- Program Areas
- Installation Energy and Water
- Environmental Restoration
- Munitions Response
- Resource Conservation and Resiliency
- Weapons Systems and Platforms
Fate of Plant Tissue Associated RDX in Surface Soil
Dr. Charles Reynolds | U.S. Army ERDC/CRREL
RDX, an explosive used in a variety of munitions and currently found in soils at training ranges, is a contaminant of concern for the Department of Defense (DoD). Low-order and incomplete detonation has resulted in the surface distribution of RDX that is both heterogeneous and widely dispersed. RDX leaching from contaminated surface soils on ranges has been implicated in groundwater contamination. Due to the need for continued training and the hazard of unknown unexploded ordnance on ranges, few remediation strategies are considered safe and applicable to remediate RDX contamination. Two low-cost approaches, natural attenuation and phytoremediation, are increasingly viewed as acceptable treatment technologies; however, a critical concern is the permanence of the remediation. Dissolved RDX has been shown to undergo a series of reductive transformations under sufficiently reduced conditions in soil, yet surface soils are generally well aerated and become wet only ephemerally. As such, surface soils on ranges can serve as an RDX source from which surface and subsurface waters become contaminated. A potential treatment technology ties together phytoremediation and photodegradation in the plant tissue and humification of plant tissue-associated RDX residues that return to the soil following plant senescence.
The overall objective of this project was to improve the understanding of RDX transformation in plant tissues and the subsequent cycling of tissue-associated RDX and RDX daughter products among soil mineral and humic fractions following plant senescence. The hypothesis was that environmental risks from RDX at military training ranges can be reduced, and possibly eliminated, through a series of coupled processes involving plant uptake, plant enzyme mediated transformation, photodegradation in the plant, and finally humification of plant tissue-associated RDX conjugates into soil organic matter after plant senescence and leaf drop. Although the effect of each individual process may be small, the combined effects of the processes taken as a system for sustainability may have a significant impact on RDX residues on surface soils. If so, they may lead to feasible range sustainability management practices.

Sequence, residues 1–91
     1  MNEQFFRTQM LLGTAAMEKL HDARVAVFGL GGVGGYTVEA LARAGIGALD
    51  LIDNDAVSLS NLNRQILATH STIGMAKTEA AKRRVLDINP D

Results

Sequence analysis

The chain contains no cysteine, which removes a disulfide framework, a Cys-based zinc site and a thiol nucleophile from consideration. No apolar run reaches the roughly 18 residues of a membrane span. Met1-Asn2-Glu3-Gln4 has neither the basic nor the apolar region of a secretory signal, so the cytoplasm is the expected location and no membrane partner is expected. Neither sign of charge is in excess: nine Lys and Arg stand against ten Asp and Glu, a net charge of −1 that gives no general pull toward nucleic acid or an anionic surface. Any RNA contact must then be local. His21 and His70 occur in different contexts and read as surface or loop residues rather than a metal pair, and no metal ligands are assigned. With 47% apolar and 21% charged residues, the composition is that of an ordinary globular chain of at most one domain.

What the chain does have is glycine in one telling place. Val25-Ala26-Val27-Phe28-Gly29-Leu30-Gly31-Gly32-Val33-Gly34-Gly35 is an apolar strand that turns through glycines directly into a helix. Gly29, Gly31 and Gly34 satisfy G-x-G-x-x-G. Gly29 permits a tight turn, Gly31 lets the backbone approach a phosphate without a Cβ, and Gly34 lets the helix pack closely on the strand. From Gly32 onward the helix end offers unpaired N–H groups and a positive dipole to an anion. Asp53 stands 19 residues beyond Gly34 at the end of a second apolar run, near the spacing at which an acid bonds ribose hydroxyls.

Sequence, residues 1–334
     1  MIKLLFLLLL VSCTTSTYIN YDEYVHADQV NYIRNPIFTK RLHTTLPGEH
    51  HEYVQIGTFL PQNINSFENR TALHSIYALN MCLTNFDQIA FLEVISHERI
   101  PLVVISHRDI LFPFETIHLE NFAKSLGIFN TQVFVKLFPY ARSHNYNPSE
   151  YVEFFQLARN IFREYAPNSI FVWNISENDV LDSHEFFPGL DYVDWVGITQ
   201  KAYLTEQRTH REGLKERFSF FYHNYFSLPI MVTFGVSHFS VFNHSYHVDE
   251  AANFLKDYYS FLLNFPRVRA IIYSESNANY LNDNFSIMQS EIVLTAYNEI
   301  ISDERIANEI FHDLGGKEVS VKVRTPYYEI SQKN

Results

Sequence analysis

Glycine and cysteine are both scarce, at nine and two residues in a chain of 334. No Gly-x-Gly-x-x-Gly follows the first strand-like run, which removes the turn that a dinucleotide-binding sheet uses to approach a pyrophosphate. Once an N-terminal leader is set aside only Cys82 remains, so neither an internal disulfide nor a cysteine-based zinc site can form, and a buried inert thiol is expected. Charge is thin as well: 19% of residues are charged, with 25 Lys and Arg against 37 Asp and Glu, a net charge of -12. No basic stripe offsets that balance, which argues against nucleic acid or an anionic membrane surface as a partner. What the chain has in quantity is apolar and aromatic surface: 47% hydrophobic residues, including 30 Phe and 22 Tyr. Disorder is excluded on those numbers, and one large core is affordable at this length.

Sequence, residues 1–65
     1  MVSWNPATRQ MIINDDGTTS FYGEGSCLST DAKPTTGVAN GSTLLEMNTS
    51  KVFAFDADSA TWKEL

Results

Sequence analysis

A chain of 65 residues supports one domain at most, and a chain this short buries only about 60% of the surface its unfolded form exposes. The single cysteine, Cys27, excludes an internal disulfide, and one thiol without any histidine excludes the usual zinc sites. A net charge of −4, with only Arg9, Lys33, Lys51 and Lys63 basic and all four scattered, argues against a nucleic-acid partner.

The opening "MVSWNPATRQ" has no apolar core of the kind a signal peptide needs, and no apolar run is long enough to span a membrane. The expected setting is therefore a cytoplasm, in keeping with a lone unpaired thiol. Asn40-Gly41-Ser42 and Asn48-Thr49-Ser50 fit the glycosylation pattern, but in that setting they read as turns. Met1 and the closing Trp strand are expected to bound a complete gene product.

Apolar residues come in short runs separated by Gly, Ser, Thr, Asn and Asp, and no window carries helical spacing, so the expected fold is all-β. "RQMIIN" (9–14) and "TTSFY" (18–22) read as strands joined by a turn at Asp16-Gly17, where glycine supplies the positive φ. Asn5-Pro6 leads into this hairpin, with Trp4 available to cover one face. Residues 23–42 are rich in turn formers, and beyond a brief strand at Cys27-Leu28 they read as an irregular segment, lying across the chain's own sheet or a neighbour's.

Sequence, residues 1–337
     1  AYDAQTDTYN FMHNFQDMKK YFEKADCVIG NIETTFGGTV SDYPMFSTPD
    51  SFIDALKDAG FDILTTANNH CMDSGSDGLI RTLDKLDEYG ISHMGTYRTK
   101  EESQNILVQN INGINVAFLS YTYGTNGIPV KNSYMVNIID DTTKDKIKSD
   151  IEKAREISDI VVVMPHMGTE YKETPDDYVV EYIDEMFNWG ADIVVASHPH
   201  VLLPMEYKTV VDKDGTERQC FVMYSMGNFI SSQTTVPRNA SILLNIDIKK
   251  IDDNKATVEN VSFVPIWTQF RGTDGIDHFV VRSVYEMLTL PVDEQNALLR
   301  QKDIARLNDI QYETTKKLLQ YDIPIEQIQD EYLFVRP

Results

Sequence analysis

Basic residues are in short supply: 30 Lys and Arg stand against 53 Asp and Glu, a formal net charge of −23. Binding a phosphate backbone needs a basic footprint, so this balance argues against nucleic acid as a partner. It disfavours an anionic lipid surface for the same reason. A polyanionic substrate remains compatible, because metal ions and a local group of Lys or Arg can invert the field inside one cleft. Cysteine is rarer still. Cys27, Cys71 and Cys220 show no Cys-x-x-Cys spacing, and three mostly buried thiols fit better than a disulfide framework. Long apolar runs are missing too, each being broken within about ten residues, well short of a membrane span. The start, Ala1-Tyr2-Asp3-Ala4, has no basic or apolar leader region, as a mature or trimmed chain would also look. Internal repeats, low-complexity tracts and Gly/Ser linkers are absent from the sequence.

For uptake and with-leaf fate of RDX, plants within the family Labiatea (genera Mentha and Coleus) were investigated to determine their relative sensitivities to RDX and to determine the uptake rates for RDX for the selected plants. Plants in the family Labiatea have been shown to have high enzyme activities associated with their pigmentation.
The phytophotolysis of 2,4,6-trinitrotoluene (TNT) also was examined using simulated plant cell conditions as the degradation of TNT pollution has application to RDX. The study was made up of two different experimental approaches, including multifactor experiments in aqueous solution and single factor experiments using iceberg lettuce extract.
Plant tissue with higher chlorophyll content was found to contain higher concentrations of RDX, while the presence of anthocyanin appeared to have no impact. Of the four varieties of mint tested, chocolate mint, a variety of spearmint [Mentha spicata], had significantly lower RDX concentrations in its leaf tissues. Further research is needed to determine what processes are responsible for the reduced RDX content.
Ascorbate, pH, and glutathione (GSH) were found to be statistically significant factors in the photodegradation of TNT, a process applicable to RDX. Ascorbate and pH increased the rate of TNT degradation, whereas GSH inhibited it. Photo-induced degradation of TNT occurs at approximately the same rate in extract-based solution. The results indicate that ascorbate and pH increase the rate of photolysis of TNT, whereas GSH decreases it.
In sufficiently reduced systems, RDX has been shown to attenuate, but the specific reactions and characterization of the residues that are produced have not been completely determined. Recent studies have demonstrated that both bacteria and fungi can also mineralize RDX, but, again, the pathways and intermediates formed are poorly understood. Because precedence has been established for RDX transformation, and explosives have been shown to bind covalently to soil humic fractions or organic material in compost, a humification approach may have significant utility in treating surface soils on impact and training ranges.